AsianScientist (Jan. 27, 2017) – We are in the midst of a revolution that most people don’t even realise is happening, said Dr Jürgen Kluge, Chairman of the Lindau Foundation Board and Council Member for the Lindau Nobel Laureate Meetings.
Speaking at the closing ceremony of the Global Young Scientists Summit 2017 (GYSS 2017), Dr Kluge noted that the world’s transition from analogue to digital technologies, which began in the mid-20th century, continues even today.
This digital revolution brings with it unimaginable possibilities and young scientists would do well to set high targets for themselves, he said.
The power of exponential growth
The first revolution in the realm of communication was the invention of speech, said Dr Kluge. Next, the advent of writing allowed people to communicate with those who lived after them.
“The next revolution was the printing press with movable letters, which made it cheap to communicate. The follow up to that was the Reformation, the splitting of the Catholic Church, the Thirty Years War and the French Revolution,” he explained.
“While the first revolution took ten thousand years, writing a thousand years and the printing press a hundred years, we are now in a fourth revolution—the digital revolution—which took just ten years.”
People might not realise that we are currently living in revolutionary times because we are at the cusp of the exponential phase of growth, Dr Kluge said.
To illustrate the sometimes unexpected power of exponential growth, Dr Kluge told the story of how the inventor of chess asked the Shah of Persia to reward him with one grain of rice on the first square of the chessboard, two grains on the second, four on the third and so on.
“The Shah said, ‘That’s easy, I’ll do it.’ But what he didn’t realise was that if each grain of rice weighs approximately 30 milligrammes, by the 64th square of the chessboard, the rice would amount to 276 trillion tonnes. That’s enough to cover the entire country of India 30 centimetres deep!” he said.
Similarly, the exponential growth of computing power means that laptops will catch up to the human brain in just 15 years, Dr Kluge said. In fact, by his estimate, a single laptop would have the same processing speed of all the brains in the world combined by the year 2045.
“Should that scare us? I don’t think so. As always, technology is an amplifier for things that are good or bad. I think it’s a huge opportunity, especially for young scientists,” he said.
Drawing from his experience in the corporate world, Dr Kluge said that the best way for young scientists to negotiate these revolutionary times is to have a strong set of values to guide their decisions.
During his time as a consultant, he once asked one of his researchers to study why companies fail. Going through a few hundred cases worldwide, the researcher found that only 15 per cent of failures were attributable to bad operations or high costs. Another 15 per cent were due to wrong strategy or poor investments.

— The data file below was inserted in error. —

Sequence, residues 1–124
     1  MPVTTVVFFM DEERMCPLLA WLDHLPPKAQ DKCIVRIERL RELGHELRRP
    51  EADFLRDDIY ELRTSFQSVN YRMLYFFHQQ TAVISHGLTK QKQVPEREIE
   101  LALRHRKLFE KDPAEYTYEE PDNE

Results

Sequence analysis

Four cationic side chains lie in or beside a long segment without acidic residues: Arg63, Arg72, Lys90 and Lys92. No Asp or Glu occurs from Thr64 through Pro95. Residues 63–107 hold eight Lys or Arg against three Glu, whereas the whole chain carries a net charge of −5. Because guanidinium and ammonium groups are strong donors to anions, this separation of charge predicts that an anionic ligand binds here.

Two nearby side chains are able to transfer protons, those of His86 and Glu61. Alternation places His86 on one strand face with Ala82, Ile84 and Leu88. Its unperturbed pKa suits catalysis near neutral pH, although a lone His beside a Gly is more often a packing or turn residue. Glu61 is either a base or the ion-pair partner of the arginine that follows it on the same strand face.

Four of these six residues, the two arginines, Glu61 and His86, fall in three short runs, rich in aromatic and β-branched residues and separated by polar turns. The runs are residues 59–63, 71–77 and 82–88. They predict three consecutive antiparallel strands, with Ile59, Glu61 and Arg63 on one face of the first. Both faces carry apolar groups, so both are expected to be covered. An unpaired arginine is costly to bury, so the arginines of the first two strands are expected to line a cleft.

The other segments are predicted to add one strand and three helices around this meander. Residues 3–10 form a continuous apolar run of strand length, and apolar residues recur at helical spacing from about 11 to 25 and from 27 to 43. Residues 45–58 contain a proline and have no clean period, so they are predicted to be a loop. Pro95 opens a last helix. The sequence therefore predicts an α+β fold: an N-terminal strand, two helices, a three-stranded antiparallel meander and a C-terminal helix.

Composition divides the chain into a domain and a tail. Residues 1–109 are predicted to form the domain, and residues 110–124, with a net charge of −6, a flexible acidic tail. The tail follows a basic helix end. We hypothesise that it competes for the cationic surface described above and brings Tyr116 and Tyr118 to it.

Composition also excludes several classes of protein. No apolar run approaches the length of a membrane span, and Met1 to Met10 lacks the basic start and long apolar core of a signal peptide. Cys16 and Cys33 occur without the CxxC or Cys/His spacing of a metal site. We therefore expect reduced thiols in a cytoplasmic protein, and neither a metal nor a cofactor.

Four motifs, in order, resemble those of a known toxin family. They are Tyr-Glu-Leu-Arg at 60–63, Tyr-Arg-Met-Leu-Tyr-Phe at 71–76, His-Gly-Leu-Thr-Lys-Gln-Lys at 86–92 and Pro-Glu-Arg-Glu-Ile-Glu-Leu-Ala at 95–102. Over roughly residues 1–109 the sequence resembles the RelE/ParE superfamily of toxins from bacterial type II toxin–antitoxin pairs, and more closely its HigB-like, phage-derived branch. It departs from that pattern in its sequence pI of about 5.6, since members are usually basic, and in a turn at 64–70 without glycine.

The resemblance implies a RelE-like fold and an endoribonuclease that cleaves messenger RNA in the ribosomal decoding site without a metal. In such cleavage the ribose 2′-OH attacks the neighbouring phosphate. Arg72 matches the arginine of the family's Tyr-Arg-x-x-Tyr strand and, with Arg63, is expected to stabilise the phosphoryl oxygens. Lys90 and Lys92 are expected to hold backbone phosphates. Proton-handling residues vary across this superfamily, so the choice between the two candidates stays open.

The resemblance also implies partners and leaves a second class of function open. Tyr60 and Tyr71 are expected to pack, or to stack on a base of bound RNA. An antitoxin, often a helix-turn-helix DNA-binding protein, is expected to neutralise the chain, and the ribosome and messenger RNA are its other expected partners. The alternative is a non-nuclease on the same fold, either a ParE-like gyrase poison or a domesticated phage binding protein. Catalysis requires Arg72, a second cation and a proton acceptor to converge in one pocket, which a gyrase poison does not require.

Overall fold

“But the main reason was moral failure of one guy, or a very small group of people. Look at the scandal of diesel emissions cheating at Volkswagen, for example. All it takes is for one person to behave in a morally unacceptable way for whole companies or even whole nations to get into really big trouble.”
“So it’s people and values that count. You can’t make compromises,” he argued.
In particular, scientists should not compromise among the three goals of quality, cost and speed, Dr Kluge added.
“Don’t trust people who tell you something will be better quality but will cost more. Don’t trust people who tell you it will be done faster but you have to invest a little bit more. No, the trick is to come up with ideas that will simultaneously optimise all three dimensions,” he said.
This philosophy has led him to pursue corporate strategies that focus on people, planet and profit. Plans are rejected if they increase profits but treat people unfairly or pollute the environment.
“The driver for this strategy is your internal value system; if that is spoilt you might go for compromises. It’s a tall order, but you have to set your sights on the tough ideas that help you reach this goal,” he said.
A chance to shape the world
Quoting Mark Twain, who said that history does not repeat itself but that it does rhyme, Dr Kluge urged the audience members to take their place in history seriously.
“It’s up to your generation to decide. Either it’s a steep uphill climb or a well-paved downward highway to hell. Our world is at a crossroads at the moment, one sign points in the direction of a rational, liberal, inclusive and open world; ultimately, peace. If you invert that to the negative—a post-truth, authoritarian and closed world—it always ends up in military conflict and war,” he said.
“All of you are very important; so don’t let the world be shaped around you, shape it yourself.”
Asian Scientist Magazine is a media partner of the Global Young Scientists Summit 2017.
Copyright: Asian Scientist Magazine.
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